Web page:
Leyshon is not alone. Several writers claim an unlikely emotional kinship with a distant country. Weiland, for instance, tells us that, at the 1982 World Cup, "England were my favourites: they looked sharp in their black shorts and white shirts". Presumably the colour control on his television was malfunctioning, because England's shorts were blue.
Most disappointing is John Lanchester's chapter on Brazil. Lanchester was "eight in 1970 and had just fallen in love with football" - the phrase a cliché of the post-Hornby wave a decade ago - when he saw Brazil at the World Cup. Lanchester considers that team the best ever. "This is not an original view, but it is one I hold deeply." That is a relief. Lanchester believes Brazil might win the World Cup again this summer. "Will it? Maybe. You never know how a team will react to the pressure - the mind-bending, inconceivable pressure - until they arrive at the World Cup." This could be Graeme Le Saux on the BBC. Was there really no decent Brazilian author willing to write something? Or at least an Anglophone who really knows about Brazilian football?
Equally irritating is Wilsey's introduction, which serves as a compendium of the main sins of football writing. First come the overblown claims for football's hold on the writer's emotions: "I mark the passage of time in World Cups" (echoing Hornby's "I have measured out my life in Arsenal fixtures" in Fever Pitch). Then there is the ritual comparison of football with religion. Next comes the image of children kicking around a ball made of rags, as we learn that "soccer's universality is its simplicity". Perhaps this has some value for American readers encountering their first soccer book. Certainly that seems to be the intended audience of Hornby's piece on England, which contains little that will surprise a British reader.
There are a few strong pieces about a nation and its football. These usually materialise when the author knows about the game and lives in the country he is writing about, or at least leaves his apartment to visit it: Tim Parks on Italy, Alexander Osang on Germany, Ben Rice on Australia and Wendell Steavenson on Tunisia (a productive week spent rushing around Tunis). Rice's attempt to stand "in the cheesy Nikes" of the American Samoan teenager who has just lost 31-0 to Australia is as funny as Saïd Sayrafiezadeh's attempt to get an Iranian visa.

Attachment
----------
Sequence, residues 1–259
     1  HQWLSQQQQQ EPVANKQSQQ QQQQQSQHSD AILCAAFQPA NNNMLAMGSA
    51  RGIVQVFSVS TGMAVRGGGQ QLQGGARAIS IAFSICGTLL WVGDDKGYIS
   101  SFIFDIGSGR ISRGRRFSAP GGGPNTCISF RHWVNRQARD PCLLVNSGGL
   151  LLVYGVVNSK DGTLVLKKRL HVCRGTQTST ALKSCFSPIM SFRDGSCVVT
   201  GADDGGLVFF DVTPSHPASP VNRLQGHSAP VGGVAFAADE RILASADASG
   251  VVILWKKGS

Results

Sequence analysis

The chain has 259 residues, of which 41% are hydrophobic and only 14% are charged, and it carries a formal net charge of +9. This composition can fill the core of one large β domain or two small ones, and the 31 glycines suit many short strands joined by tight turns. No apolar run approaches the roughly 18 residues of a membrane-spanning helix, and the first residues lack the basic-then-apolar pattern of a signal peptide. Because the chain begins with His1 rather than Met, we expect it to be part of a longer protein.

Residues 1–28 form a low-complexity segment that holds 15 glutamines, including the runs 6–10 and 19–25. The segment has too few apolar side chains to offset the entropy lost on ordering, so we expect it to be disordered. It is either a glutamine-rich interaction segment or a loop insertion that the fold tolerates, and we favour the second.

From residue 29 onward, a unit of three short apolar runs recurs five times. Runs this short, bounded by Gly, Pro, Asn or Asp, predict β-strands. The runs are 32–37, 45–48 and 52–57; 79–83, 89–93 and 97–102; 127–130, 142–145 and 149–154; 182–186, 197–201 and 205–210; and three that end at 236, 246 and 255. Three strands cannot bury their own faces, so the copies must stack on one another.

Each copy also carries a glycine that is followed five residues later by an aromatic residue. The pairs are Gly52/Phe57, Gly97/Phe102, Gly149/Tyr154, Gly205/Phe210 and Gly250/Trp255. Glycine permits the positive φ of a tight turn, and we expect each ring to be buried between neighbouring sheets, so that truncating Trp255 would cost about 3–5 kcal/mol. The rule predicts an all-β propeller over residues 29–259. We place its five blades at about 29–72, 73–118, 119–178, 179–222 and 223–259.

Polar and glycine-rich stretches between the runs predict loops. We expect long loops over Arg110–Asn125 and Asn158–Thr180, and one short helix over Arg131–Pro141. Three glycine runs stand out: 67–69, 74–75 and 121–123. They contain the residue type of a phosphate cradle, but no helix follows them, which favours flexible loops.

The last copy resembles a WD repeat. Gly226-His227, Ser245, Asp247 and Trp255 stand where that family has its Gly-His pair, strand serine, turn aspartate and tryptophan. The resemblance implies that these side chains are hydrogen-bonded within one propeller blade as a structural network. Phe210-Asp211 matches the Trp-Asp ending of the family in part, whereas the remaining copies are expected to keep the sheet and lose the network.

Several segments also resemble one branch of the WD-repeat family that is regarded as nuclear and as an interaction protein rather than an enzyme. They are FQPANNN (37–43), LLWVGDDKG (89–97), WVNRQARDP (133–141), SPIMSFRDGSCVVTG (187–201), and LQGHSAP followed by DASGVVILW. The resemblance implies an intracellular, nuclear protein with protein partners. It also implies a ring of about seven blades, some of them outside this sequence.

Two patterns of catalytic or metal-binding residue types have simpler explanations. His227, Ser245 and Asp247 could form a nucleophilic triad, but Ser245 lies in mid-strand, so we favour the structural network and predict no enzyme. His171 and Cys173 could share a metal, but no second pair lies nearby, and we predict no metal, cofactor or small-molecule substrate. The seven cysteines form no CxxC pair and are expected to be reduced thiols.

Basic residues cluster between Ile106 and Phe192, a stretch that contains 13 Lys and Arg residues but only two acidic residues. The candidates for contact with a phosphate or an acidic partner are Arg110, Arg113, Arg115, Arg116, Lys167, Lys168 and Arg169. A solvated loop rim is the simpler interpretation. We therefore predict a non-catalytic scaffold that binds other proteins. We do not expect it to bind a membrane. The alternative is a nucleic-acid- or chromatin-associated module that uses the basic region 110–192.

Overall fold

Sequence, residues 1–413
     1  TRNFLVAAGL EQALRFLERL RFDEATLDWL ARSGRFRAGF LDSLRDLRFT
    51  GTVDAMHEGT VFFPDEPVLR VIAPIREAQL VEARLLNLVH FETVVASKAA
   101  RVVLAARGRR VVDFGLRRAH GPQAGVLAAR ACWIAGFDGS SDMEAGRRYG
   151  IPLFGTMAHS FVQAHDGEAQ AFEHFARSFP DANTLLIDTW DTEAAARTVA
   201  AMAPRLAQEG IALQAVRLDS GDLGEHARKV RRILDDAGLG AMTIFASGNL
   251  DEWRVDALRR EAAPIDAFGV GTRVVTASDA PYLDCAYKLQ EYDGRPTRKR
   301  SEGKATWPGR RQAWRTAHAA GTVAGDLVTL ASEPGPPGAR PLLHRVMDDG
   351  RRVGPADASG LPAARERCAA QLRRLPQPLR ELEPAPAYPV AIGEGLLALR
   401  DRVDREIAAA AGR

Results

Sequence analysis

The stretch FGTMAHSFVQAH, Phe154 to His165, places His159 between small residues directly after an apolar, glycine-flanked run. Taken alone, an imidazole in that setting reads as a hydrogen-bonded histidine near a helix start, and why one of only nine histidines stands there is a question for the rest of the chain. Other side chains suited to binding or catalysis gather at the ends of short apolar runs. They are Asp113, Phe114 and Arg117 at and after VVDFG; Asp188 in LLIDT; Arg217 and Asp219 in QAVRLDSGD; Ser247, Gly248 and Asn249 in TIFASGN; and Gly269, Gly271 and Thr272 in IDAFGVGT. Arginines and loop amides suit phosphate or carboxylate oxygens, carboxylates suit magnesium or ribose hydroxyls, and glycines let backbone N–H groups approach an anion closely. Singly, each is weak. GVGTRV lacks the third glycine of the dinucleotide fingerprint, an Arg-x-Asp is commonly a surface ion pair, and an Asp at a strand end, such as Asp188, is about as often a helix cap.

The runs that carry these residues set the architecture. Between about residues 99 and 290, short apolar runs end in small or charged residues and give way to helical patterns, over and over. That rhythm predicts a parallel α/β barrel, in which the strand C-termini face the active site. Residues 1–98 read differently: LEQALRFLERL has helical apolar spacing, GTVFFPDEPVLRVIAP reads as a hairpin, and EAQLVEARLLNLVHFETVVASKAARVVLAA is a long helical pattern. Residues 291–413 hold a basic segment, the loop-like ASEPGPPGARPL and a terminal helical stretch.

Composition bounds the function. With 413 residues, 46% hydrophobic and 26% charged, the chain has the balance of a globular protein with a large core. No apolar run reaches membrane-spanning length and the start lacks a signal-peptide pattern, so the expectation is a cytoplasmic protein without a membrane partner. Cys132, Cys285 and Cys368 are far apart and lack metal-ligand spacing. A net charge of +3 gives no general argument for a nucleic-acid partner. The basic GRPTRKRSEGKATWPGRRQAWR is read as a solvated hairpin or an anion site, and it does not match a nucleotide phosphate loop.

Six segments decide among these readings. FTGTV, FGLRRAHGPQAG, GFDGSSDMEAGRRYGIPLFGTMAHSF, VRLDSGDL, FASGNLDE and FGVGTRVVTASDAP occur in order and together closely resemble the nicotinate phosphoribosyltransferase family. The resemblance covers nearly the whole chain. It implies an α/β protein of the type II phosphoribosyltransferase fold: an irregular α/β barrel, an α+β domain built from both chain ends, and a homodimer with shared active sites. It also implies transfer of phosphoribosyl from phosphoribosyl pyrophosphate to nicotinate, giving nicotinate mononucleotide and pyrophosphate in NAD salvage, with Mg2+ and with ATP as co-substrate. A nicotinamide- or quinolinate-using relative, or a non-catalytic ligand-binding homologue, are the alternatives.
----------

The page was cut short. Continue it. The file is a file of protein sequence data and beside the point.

To write well about football, it's not enough to love the game. I love chocolate cake, but I'd struggle to come up with 4,000 words on the subject. You need to understand the time and place in which the game is played, and you need distance from it. The relevant dictum here is from Phil Ball, who writes about Spanish football: "The essential absurdity of football - that it has become so important - is nine-tenths of the poetry."
John Foot sees that. The author of Calcio: a history of Italian football loves Italian football, is an academic historian of Italy, lives part-time in Milan, and has dug up every forgotten Italian scandal and legend, but his book is written with a smile. He tells us about the defender Comunardo Niccolai, named by left-wing parents after the Paris Commune, who "became celebrated for his ability to score bizarre own goals"; the illegal bookmakers with desks inside state betting shops; and the 25 per cent of boys born in one Neapolitan parish who were named Diego after Maradona.
Calcio appeared before we learned that Juventus, Italy's supreme team, habitually choose their referees, but the news can't have surprised Foot. He writes: "Sometimes, during the work on this book, I have felt like Malcolm McDowell in A Clockwork Orange. I have been forced to watch things that, in the end, have made me sick. I did not think it would be possible but, by the end, I had almost fallen out of love with football." You wouldn't catch Lanchester saying that. Calcio is written with clear-eyed love. Anyone interested in Italian football (or in Italian society, which is much the same thing) should read this book, alongside Simon Martin's excellent, scholarly Football and Fascism: the national game under Mussolini. Sometimes the books are better than the football deserves.
Simon Kuper is the author of Football Against the Enemy (Orion)